In the story, Mr. Hooper's fiance begs him to take off his veil. She states that the veil hides the face that she is always glad to look upon. However, no matter how much she protests at his strange behavior, Mr. Hooper refuses to put aside his veil. To make matters worse, he answers her cryptically:
"There is an hour to come," said he, "when all of us shall cast aside our veils. Take it not amiss, beloved friend, if I wear this piece of crape till then."
What he means here is that there will be time enough to reveal one's secrets when everyone stands before God in judgment. Here, he is referring to the Christian doctrine of the hour of judgment, when every motive and action will be made plain. Until then, he admits that he is forever obliged to wear the veil without the right to fully disclose the reason why. When his fiance begs him to stop being so mysterious in his speech, he tells her:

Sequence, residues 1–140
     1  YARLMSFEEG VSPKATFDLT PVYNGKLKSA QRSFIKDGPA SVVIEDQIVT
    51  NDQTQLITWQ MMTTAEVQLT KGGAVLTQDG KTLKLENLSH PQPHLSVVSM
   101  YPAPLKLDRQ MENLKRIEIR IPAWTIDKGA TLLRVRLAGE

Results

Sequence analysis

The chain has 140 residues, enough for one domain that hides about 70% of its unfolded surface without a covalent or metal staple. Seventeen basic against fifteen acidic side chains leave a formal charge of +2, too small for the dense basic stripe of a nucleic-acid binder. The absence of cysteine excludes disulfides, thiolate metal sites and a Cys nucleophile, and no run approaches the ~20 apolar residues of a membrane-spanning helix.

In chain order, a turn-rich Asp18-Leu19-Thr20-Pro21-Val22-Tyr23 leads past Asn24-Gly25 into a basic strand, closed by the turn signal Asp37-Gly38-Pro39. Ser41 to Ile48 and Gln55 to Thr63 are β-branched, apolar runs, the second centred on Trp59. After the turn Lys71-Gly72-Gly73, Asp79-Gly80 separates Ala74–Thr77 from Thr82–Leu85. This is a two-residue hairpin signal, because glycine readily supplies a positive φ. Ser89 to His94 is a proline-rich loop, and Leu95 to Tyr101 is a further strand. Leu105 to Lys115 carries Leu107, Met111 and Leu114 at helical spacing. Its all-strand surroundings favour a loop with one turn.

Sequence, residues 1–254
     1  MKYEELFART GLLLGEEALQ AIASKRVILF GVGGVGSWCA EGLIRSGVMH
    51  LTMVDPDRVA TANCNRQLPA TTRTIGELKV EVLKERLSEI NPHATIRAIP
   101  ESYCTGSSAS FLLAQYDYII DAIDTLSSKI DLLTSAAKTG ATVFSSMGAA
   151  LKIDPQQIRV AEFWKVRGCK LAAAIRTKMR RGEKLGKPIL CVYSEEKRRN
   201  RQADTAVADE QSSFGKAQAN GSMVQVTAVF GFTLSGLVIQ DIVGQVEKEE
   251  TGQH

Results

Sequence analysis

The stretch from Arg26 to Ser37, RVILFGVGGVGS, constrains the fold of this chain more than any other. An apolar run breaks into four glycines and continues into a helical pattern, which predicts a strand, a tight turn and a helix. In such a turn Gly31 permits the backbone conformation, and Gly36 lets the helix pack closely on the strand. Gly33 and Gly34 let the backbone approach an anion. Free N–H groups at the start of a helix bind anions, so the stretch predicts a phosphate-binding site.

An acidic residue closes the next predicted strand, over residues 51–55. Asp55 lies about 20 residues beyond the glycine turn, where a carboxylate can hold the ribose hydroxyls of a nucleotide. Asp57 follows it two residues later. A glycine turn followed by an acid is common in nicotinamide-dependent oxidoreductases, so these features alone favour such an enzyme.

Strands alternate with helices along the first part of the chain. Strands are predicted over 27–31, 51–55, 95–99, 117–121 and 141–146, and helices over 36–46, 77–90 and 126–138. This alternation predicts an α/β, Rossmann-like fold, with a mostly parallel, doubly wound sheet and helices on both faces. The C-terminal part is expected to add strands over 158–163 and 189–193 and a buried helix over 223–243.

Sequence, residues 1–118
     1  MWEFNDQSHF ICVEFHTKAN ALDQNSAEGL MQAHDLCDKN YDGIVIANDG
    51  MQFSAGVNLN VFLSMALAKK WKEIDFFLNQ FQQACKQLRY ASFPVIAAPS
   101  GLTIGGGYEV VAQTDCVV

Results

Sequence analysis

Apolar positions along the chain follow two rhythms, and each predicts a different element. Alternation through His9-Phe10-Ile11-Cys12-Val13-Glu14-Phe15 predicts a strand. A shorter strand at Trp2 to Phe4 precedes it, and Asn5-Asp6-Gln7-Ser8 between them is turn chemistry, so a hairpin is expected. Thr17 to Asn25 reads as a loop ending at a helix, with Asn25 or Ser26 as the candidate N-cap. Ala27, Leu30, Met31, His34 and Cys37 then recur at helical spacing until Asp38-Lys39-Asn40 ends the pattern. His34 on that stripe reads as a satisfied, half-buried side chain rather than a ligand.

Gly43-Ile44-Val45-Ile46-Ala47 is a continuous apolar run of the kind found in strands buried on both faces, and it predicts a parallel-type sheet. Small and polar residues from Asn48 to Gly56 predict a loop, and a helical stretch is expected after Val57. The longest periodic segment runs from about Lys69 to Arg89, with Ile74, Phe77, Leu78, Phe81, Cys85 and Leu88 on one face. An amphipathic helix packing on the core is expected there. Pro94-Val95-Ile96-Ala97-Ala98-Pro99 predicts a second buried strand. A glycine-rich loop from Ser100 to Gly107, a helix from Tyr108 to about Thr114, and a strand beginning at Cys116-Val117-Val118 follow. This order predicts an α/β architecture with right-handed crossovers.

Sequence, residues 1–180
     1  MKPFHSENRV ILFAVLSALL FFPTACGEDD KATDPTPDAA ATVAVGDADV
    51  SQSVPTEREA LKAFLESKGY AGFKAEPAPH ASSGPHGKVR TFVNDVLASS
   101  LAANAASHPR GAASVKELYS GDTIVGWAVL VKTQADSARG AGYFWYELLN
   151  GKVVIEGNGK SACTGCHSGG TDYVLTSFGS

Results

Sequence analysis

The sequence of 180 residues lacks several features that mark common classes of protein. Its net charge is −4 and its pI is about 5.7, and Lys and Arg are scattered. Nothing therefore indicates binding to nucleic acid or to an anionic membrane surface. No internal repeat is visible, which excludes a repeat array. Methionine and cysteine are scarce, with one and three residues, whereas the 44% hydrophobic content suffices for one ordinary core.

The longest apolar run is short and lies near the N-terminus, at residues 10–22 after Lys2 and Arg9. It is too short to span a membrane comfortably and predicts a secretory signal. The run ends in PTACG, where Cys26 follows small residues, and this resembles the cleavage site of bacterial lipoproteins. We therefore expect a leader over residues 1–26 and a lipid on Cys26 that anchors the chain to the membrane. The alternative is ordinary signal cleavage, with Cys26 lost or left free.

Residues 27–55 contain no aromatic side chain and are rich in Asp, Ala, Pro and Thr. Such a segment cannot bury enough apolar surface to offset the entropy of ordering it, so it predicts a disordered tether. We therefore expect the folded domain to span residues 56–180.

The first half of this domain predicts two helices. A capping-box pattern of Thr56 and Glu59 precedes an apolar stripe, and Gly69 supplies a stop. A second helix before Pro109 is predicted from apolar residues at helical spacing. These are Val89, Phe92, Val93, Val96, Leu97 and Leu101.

"Elizabeth, I will," said he, "so far as my vow may suffer me. Know, then, this veil is a type and a symbol, and I am bound to wear it ever, both in light and darkness, in solitude and before the gaze of multitudes, and as with strangers, so with my familiar friends. No mortal eye will see it withdrawn. This dismal shade must separate me from the world: even you, Elizabeth, can never come behind it!"
Here, we see that Mr. Hooper has somehow made a sort of vow to wear the veil. Apparently, this vow also constrains him from divulging the secrets of his strange habit. It is a sad state of affairs, because we soon come to realize that the vow causes Mr. Hooper extreme loneliness and leads him to fear for his future; despite his suffering, however, he is still obligated to wear it. He is a man trapped beyond his ability to extricate himself from the mental agony of his actions.
"...O! you know not how lonely I am, and how frightened, to be alone behind my black veil. Do not leave me in this miserable obscurity forever!"